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Monday, Sep 22, 2014
Commentary

Young ramped up universities’ research portfolios


Published:

Congressman C.W. Bill Young, who died Friday night, did a great deal for so many.

The bulk of the recent commentary about him has focused on our Tampa Bay area. That is appropriate. But what many might not know is what Young did to ramp up university research across this great state.

Regular guy Young was hardly what one would consider a “wonk.” But Congressman Young was responsible for an incredible public policy initiative that any wonk would admire. He did it his way, quiet, and with his wonderful staff behind the scenes.

Here’s what happened — and it is a very good thing:

Over a decade ago, Young and other members of the Florida congressional delegation were frustrated as the dickens. Several were serving in positions to help our universities, but they were being lobbied right and left by each of the then nine state universities. Priorities were admirable but sometimes conflicting. Which one should be supported?

Our institutions were competing with one another, and, I hate to say, we were sort of beating up our friends. It was crazy. Every institution was in the “me-first” mode, so the members were conflicted.

Don’t get me wrong — some good things happened. But the results were not nearly as significant as Floridians deserve.

It was a mess.

Chairman Young figured out that if our state universities kept going on this way they’d never reach their full potential. At the same time, he had absolutely no interest in wasting one penny of the taxpayers’ money. He wanted cost-effective solutions to our nation’s problems, and Florida’s great universities could deliver them. But we had to change our approach in Washington.

He explained the situation to the then Board of Regents, advising the chancellor, the board and the university presidents that it would be a good idea if they would get the state of Florida’s higher education’s federal act together. He asked them to cut back on all the end runs. He requested a priority list, focusing on each university’s respective research priorities and then a statewide list, as well. It had to be national and/or global in impact. He wasn’t interested in “pork.” He wanted the delegation to look at and advocate a Florida package of national importance that would improve lives for all Americans and beyond.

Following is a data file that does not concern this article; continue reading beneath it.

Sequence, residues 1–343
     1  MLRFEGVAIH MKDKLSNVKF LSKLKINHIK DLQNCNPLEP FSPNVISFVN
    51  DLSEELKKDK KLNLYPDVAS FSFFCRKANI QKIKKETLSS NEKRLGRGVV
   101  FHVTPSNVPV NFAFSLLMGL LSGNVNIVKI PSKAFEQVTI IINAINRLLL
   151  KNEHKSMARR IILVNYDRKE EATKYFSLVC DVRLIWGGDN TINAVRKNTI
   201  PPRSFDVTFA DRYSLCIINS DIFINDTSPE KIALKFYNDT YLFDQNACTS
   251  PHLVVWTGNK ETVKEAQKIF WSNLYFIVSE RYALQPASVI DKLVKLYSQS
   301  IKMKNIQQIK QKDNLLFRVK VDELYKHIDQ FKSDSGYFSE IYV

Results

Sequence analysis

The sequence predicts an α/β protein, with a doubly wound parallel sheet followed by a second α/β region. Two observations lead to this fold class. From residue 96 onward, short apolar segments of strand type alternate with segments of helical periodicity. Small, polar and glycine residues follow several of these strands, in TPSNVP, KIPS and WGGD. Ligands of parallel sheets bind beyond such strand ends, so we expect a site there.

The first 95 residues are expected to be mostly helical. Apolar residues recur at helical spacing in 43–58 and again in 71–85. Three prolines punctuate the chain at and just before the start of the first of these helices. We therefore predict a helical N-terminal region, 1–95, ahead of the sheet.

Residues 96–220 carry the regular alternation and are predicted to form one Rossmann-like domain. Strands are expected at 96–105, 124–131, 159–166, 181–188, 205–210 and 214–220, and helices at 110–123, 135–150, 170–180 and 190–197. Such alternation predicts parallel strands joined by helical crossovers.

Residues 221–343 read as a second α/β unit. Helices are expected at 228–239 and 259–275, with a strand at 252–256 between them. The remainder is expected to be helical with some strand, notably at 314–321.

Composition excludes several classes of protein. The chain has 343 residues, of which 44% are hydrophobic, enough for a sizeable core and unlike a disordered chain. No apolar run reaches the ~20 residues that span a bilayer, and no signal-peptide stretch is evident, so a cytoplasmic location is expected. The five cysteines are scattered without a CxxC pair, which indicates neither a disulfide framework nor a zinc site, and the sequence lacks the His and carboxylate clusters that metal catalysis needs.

Some might think that the universities would have balked at his direction. Not at all.

Faculty started out a tad skeptical but actually grew to love the challenge. They got together, department by department, college by college, and hashed it out. The presidents and their teams put together an integrated research portfolio that was the envy of the nation. Each state institution, big or small, focused on its primary research strengths and partnered, when appropriate.

It was wonderful. And it worked.

This led to a decade of federal investment in absolutely awesome research. Our world is a better place because our state universities focused.

As I read the accolades about Young after he announced his retirement, I smiled at the fantastic USF research accomplishments he helped us launch. Forgive me for my green-and-gold parochialism. All politics is local! But all of us who are blessed to live in Bulls Country will be delighted to know how much our Tampa Bay area neighbor, Bill Young, did to help all of Florida’s research universities solve the problems of today and tomorrow.

There aren’t any Bill Young sound bites here, just a little wonky good government.

Kathy Betancourt is a former lobbyist for the University of South Florida.

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